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Author Topic: Edirol r-09 settings?  (Read 642 times)

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Offline Nelle B

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Edirol r-09 settings?
« on: May 03, 2018, 03:02:10 PM »
I am going to be recording a high school musical performance for a friend in a few weeks. I got an old edirol r-09, and I have yet to use it. I would like to minimize audience coughs, talking, breathing, etc. in my live recordings, so what settings should I put on my recorder (the back side switches on the device)? However I don't want this to take away any quality from the actual performances, though. I also don't want volume limiter problems when the performance gets louder (when the recording's volume decreases due to overload). I want a steady volume throughout the recording, without feedback or limiter problems.

From reading the manual, I have put the device settings like this: Low-Cut switch is on, ACG is off, and mic gain is low.

Thanks

Offline Gutbucket

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Re: Edirol r-09 settings?
« Reply #1 on: May 03, 2018, 03:31:12 PM »
I would like to minimize audience coughs, talking, breathing, etc. in my live recordings, so what settings should I put on my recorder (the back side switches on the device)?

No setting on the recorder can help you with that, other than the <stop> and <power-off> buttons.

Quote
From reading the manual, I have put the device settings like this: Low-Cut switch is on, ACG is off, and mic gain is low.
Low-cut off
ACG off
Mic gain depends on the sensitivity of your microphones and SPL at the recording position (typically set to low)

If using the internal mics (best not to, they aren't very good) I don't think the high/low mic gain setting has any effect, but I can't recall.  In that case only the mic gain applied via the buttons on the side will matter in that regard.  To make a recording using the internal mics which has somewhat better channel separation, imaging and spatial impression, rig up some kind of baffle between the mics, with the recorder sandwiched by the baffle and the mics exposed on either side of it.  A piece of cardboard folded into a wedge shape works.
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Offline Nelle B

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Re: Edirol r-09 settings?
« Reply #2 on: May 03, 2018, 03:54:05 PM »
Yes, I will just be using the internal mics.

So if there is no setting that helps minimize audience noise, then what exactly is the low-cut switch used for? Same with the ACG and mic gain switch?

I read some older posts about Edirol R-09 settings on this forum and others have said they use these settings.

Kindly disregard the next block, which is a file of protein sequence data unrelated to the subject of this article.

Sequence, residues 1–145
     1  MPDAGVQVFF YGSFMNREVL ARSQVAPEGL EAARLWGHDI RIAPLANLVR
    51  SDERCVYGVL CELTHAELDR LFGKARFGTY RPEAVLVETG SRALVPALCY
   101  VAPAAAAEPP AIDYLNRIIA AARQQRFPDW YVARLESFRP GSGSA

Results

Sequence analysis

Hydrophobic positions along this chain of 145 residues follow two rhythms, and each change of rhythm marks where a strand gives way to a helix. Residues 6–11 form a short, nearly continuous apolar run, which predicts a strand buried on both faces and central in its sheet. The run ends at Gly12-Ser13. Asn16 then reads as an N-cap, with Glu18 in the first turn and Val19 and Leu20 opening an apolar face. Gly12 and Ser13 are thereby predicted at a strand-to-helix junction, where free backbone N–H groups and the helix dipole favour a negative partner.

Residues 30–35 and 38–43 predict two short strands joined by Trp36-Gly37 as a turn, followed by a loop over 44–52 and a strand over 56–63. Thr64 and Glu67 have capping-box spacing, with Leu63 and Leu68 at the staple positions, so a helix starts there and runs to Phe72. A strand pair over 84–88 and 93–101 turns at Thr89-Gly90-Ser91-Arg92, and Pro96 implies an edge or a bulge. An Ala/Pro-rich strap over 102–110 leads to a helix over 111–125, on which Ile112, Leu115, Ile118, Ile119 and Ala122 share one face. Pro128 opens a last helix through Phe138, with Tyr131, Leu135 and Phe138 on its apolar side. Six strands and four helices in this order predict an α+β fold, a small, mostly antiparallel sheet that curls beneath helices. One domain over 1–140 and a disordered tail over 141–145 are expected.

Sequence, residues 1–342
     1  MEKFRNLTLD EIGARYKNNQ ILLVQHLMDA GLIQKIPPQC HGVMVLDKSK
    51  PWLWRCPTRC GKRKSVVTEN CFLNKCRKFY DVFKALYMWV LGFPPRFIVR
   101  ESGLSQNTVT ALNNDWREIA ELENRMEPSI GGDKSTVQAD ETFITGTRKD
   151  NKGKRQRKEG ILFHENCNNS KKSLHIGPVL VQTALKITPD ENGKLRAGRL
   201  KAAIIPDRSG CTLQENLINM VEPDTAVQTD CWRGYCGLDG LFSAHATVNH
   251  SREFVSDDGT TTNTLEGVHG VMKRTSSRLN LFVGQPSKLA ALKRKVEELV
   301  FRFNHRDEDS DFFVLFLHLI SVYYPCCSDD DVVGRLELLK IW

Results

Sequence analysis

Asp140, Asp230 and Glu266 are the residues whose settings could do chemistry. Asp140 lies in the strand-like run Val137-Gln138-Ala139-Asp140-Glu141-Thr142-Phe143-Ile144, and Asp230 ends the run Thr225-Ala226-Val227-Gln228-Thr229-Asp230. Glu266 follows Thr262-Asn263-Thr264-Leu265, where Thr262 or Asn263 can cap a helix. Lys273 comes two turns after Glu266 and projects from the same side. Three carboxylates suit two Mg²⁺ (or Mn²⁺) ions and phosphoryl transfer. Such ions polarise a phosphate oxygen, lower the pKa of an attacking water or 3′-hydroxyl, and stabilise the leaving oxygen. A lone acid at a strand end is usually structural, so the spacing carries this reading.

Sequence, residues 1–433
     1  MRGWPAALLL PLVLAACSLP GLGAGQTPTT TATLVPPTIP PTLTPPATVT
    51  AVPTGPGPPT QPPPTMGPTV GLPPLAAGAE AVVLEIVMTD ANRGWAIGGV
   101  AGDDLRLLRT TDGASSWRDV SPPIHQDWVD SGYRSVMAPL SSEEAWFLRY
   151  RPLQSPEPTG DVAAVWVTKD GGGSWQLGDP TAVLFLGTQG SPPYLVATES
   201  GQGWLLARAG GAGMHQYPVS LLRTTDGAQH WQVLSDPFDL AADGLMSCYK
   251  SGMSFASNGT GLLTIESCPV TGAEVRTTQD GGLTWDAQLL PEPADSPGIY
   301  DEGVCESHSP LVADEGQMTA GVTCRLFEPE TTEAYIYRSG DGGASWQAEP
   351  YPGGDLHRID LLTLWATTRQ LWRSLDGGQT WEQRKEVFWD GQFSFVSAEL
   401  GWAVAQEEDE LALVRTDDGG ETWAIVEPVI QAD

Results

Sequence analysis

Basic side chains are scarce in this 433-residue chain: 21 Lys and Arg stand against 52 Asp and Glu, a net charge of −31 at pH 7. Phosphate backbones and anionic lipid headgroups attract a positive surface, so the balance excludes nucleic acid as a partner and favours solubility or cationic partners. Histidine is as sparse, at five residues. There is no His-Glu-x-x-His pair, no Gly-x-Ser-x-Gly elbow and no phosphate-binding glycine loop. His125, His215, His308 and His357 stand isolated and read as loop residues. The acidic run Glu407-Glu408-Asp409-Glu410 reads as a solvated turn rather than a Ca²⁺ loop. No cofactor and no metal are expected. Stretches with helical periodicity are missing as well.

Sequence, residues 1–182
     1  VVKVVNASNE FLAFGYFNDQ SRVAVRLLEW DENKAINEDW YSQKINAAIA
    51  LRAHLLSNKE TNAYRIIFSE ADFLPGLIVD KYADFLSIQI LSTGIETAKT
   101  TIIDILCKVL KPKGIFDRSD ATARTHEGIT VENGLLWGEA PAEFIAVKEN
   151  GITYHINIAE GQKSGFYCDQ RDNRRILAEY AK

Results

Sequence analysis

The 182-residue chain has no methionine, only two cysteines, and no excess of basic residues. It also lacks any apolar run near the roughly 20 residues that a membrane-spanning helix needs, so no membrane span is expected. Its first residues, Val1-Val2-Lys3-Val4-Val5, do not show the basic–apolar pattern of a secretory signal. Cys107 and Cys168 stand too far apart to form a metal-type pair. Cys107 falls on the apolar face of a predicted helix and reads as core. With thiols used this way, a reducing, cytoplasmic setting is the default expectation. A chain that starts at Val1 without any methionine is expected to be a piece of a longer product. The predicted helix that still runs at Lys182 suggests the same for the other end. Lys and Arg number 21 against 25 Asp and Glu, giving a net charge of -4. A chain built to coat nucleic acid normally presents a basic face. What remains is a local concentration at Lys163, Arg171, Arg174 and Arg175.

« Last Edit: May 03, 2018, 03:56:12 PM by Nelle B »

Offline Gutbucket

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Re: Edirol r-09 settings?
« Reply #3 on: May 03, 2018, 04:19:18 PM »
The low cut helps remove some of the wind rumble noise outdoors, but also chops off all the low bass content from what you are trying to record at the same time.  The resulting recording will sound thin and weak.  It doesn't even really remove all the wind noise completely, just the worst of it.  It can sometimes be used to cut bass from obscene over-driven subwoofer content, but is not the most appropriate tool for doing that.  And that won't be a problem for what you are recording anyway.

You won't find anyone here ever recommending the use of ACG.  And you almost never want to use the low-cut on the recorder.  It's always better to do that afterwards if necessary, but you won't need to do so for what you are recording.

I think the mic-gain switch only effects signal through the mic-input jack, but could be mistaken.  Here's more detail if it does control gain when using the internal mics-

Put the recorder in record/pause and adjust gain while clapping loudly using the buttons on the side to get good levels just under clipping.  If the side-button controlled gain is anywhere around the middle of the total adjustable gain range, you're good.. 

If you need to set the side-button adjustable gain to less than 13 to get acceptable levels, set the gain-switch is set to low and go no lower than 10, regardless of the clipping indicator light.  If you need to set the side-button adjustable gain to the highest part of the adjustable range (I forget how high the numbers go) to get acceptable levels, set gain-switch is set to high and dial in as much gain using the side-buttons as you need.

If all voices are amplified through the PA, get in-line with a PA speaker and not too far away from it where the sound is as clear as possible.  If only some content is through the PA, and some is unamplified, sit as close to the stage as you can, but where the PA still sounds clear.  If there are small speakers across the front of the stage facing the audience, sit in the front row directly in front of one of those.
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Offline Gutbucket